For the ninth year running, "Producers on the Move" at the Cannes Film Festival is the meeting place for the best and the brightest among young European producers.
"For now, my project profile is probably marked by my willingness to give difficult projects a chance. I like to go to bat for my project."
Representing Denmark this year is Louise Vesth of Zentropa. In 2007, another Danish woman, Sarita Christensen of Copenhagen Bombay, was a Producer on the Move, and in 2005 Tine Grew Pfeiffer of Alphaville Pictures represented Denmark at the international industry meet.
Vesth, 35, is a producing graduate of the National Film School of Denmark. Working at Zentropa, she has produced Pia Bovin's children's film "Wallah Be" (2002), Aage Rais- Nordentoft's youth film "Kick 'n' Rush" (2003), Christian E. Christiansen's "Life Hits" (2006) and Anders Rønnow Klarlund's "How to Get Rid of the Others" (2007). Most recently, Vesth produced Christian E. Christiansen's "At Night" (2007), an Academy Award nominee for Best Short Film. Christiansen is currently remaking "At Night" as a feature, due for release on August 1, 2008.
Cannes offers the selected producers opportunities for exchanging experiences and forging international contacts. What does her selection mean for Vesth?
"I'm not quite sure what it will mean," she says, "but I'm going in with an open mind." She points to the many opportunities for building networks with her European colleagues. "I hope to establish some relationships that might lead to something when I get back home. As a producer at Zentropa – a company with an international profile, looking for even more of an international focus in the future – this opportunity is a real gift," Vesth says.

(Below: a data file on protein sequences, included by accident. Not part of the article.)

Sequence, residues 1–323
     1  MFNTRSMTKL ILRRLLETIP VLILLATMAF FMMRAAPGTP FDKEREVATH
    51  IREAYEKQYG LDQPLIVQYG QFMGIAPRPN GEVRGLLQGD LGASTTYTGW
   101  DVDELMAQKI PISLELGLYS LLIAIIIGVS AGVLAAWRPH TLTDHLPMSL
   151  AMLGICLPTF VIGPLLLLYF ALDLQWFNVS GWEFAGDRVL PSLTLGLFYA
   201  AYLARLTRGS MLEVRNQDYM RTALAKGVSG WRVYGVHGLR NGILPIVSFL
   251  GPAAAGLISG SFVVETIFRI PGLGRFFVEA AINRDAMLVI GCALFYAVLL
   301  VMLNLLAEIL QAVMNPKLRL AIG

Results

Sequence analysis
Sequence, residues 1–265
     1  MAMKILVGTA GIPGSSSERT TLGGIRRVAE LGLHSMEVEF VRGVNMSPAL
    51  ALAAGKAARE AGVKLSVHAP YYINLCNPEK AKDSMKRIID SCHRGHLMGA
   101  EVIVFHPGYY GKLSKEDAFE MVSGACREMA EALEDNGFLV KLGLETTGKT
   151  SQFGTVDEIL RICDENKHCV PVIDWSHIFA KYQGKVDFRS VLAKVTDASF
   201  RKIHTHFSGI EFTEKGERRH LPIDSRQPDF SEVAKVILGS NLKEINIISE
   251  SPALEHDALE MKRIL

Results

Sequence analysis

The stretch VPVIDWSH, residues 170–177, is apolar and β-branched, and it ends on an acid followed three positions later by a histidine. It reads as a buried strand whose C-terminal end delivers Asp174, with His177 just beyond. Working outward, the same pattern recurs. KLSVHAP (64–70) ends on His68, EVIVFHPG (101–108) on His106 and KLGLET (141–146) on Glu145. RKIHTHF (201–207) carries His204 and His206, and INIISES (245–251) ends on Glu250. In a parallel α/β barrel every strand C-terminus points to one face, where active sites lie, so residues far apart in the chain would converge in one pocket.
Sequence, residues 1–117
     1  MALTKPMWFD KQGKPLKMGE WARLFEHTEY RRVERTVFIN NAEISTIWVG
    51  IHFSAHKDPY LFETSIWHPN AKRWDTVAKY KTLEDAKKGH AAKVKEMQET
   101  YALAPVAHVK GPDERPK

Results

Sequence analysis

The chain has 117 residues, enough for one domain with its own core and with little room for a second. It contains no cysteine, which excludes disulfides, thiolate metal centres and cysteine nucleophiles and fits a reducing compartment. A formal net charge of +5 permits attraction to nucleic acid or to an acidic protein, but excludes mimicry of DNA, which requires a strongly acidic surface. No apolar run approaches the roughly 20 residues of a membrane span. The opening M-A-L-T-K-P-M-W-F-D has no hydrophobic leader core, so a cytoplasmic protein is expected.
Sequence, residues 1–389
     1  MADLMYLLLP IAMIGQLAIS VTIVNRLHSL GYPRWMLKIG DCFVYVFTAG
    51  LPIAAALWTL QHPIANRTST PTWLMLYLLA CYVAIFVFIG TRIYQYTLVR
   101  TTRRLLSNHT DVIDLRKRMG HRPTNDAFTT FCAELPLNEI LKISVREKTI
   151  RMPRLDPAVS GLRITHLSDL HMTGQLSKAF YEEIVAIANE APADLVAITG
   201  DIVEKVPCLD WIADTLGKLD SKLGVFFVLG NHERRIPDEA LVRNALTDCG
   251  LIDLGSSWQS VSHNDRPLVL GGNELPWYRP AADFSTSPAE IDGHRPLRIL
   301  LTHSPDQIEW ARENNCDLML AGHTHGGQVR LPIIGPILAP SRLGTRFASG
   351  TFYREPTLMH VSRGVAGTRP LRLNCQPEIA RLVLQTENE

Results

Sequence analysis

As the European Film Promotion, initiator of the programme, puts it, "Producers on the Move" picks "ambitious producers who have caused a stir in their home countries with their quality productions and in some cases have already made an impact at the international level." That's not entirely how Vesth would describe herself – leaving that for others to decide – though, she agrees, she is ambitious. "Sure, I'm an ambitious person, in the sense that I'm very much engaged in what I do. Still, my work is as much a hobby as a job – filmmaking, after all, is a lifetime commitment."
What type of film does Vesth like to throw herself into?
"For now, my project profile is probably marked by my willingness to give difficult projects a chance. I like to go to bat for my projects. At issue may be new talents needing to go the extra mile to prove their mettle or the nature of the project itself. Case in point: Anders Rønnow Klarlund's upcoming "Memories" is a challenging film. Told entirely in stills, it takes an entirely different path than our usual way of producing films."
This is not the first time Vesth serves as ambassador for Danish cinema abroad. Earlier in the year, she was in the Kodak Theatre in Los Angeles in a seat next to Christiansen, crossing her fingers that their short film At Night would come away with an Oscar. "It was super cool," Vesth says. "It was a life- long dream of Christian's, and he was as giddy as a kid whose biggest wish comes true. Also, for our future collaboration, it's cool that people appreciate what we’re doing, though that doesn't carry much weight in the Danish system. There, other parametres count."
Though they returned from Hollywood without an Oscar, Vesth is still happy to represent Denmark and Danish cinema abroad, as she is now, in Cannes. vI feel really good about it," she says. "I'm proud to be a part of Danish cinema and I want to help keep Danish films visible abroad. I gladly do my part in that".